Third week of classes away from NMAH

I was in my in my 15th year working at the National Museum of American History. With a leave of absence from NMAH, I was in grad school in Cooperstown, NY. It was Tuesday and our class had just attended the monthly staff meeting of the New York State Historical Association.

We walked back to the classroom and reviewing a museum education video was started by our instructor. Then another faculty member stepped in and said that a plane had struck the Twin Towers and the news was on. We switched to ABC news and for the rest of the day we watched Peter Jennings as everything unfold before us.

The Secretary emailed everyone to say that the Smithsonian would open to the public on time and it was “business as usual.” Our director shortly after issued an email, dismissed everyone, and said that the museum would not open.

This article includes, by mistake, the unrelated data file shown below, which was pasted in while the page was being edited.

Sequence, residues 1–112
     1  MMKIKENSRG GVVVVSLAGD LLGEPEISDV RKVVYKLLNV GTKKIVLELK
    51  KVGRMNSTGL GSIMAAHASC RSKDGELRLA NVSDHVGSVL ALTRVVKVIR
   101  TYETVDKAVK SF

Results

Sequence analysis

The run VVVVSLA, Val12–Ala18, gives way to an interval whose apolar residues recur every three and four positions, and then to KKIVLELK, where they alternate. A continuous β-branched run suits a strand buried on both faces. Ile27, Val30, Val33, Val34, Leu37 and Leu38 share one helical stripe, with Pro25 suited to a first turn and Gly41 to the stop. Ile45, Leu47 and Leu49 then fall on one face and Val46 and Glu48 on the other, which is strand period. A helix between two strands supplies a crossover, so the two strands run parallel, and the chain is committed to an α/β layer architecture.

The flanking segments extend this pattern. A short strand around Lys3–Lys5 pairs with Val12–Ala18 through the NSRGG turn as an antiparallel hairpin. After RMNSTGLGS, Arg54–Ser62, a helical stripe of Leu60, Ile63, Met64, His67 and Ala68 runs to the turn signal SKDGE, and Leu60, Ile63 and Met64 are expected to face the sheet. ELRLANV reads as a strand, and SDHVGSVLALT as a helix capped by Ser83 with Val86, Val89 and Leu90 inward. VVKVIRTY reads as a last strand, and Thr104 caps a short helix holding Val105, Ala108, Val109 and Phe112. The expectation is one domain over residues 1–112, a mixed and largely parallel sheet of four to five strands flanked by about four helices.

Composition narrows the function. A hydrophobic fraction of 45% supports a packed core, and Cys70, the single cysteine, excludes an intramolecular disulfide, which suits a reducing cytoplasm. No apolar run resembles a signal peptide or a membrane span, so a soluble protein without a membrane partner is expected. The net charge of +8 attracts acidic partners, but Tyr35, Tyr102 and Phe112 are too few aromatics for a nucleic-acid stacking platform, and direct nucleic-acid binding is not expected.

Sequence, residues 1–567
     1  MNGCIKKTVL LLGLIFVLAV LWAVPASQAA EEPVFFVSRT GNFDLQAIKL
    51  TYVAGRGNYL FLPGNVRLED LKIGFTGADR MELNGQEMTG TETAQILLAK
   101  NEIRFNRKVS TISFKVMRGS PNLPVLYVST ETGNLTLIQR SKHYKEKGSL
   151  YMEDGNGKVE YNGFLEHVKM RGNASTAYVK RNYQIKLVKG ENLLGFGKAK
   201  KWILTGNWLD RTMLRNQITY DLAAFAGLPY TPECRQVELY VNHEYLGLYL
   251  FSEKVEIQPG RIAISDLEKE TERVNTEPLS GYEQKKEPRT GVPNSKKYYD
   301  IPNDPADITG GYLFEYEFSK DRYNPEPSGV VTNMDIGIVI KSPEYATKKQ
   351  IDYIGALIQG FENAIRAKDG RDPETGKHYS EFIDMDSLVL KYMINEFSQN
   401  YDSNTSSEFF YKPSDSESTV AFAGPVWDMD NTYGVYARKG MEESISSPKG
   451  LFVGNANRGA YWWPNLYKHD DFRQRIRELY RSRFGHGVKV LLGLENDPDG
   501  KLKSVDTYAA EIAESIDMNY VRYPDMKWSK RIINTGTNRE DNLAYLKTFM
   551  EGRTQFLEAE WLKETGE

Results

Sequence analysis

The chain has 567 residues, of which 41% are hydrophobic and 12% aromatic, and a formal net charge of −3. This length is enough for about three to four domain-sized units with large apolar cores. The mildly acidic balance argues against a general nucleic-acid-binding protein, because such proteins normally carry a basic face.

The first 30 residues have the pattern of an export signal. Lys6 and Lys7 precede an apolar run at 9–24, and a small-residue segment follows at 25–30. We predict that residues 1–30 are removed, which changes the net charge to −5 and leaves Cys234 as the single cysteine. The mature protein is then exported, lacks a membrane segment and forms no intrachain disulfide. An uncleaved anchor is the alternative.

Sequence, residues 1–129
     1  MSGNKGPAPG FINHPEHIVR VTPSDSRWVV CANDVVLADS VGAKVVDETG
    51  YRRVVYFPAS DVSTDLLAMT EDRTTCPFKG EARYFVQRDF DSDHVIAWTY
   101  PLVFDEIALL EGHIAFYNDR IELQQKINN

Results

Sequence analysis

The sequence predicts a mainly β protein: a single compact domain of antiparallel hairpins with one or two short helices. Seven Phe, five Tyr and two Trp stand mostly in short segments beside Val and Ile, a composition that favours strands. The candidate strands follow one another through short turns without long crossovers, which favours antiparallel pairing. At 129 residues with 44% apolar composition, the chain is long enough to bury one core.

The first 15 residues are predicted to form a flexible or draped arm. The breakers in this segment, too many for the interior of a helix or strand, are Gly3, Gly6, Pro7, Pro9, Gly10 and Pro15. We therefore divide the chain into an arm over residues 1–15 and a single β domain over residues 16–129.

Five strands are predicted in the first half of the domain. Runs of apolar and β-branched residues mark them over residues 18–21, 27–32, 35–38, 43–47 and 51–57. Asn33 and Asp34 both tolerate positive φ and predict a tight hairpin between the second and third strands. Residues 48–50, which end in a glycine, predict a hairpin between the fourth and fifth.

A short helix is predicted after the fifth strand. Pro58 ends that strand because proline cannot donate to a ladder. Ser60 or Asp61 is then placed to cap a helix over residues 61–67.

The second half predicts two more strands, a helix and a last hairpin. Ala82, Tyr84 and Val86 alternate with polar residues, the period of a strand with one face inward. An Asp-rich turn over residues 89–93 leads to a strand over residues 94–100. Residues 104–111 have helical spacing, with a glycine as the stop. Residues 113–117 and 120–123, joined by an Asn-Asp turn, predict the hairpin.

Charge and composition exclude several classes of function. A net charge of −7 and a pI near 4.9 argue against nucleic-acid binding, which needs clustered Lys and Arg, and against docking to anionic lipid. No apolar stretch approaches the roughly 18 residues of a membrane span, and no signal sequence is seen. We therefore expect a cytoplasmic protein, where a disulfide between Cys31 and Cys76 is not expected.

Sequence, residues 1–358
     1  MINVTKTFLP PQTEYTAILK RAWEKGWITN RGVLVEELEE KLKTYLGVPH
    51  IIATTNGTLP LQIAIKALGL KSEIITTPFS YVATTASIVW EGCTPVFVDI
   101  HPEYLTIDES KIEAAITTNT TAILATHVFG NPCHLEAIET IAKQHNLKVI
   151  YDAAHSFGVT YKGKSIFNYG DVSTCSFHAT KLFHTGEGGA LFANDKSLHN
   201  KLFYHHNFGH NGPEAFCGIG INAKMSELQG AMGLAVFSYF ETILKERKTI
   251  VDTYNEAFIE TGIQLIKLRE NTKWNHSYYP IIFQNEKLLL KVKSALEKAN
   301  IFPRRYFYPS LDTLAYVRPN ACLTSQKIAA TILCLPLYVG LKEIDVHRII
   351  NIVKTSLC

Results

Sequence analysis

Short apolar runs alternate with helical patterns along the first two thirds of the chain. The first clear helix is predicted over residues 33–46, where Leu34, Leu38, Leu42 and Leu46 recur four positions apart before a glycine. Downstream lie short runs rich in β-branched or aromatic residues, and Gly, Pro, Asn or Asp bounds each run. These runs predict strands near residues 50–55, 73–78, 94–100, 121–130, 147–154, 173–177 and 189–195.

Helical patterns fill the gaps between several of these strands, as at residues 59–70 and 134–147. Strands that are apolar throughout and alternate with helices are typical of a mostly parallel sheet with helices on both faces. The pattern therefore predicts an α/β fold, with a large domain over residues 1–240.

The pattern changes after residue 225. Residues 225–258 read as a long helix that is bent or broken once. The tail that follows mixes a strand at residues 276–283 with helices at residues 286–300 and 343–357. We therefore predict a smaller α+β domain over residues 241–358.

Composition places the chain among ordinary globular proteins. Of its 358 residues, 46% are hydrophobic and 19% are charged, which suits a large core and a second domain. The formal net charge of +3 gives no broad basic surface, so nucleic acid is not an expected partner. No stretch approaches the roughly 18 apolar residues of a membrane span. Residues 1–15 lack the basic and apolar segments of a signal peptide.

The Secretary then reversed his previous email.

All schools and colleges in New York closed for the rest of the week and a classmate was stuck in Ohio celebrating her birthday with her family - no flights. It took two days to reach my family in the DC suburbs of Maryland by phone.

The patriotic town-folks of Cooperstown immediately began to rally ‘round their fellow New Yorkers. They set out their US flags on every porch and balcony creating a giant wave of red, white, and blue throughout the town.

Then on Saturday evening, the community and many more from the local villages and farms arrived on the courthouse grounds for a candlelight vigil.

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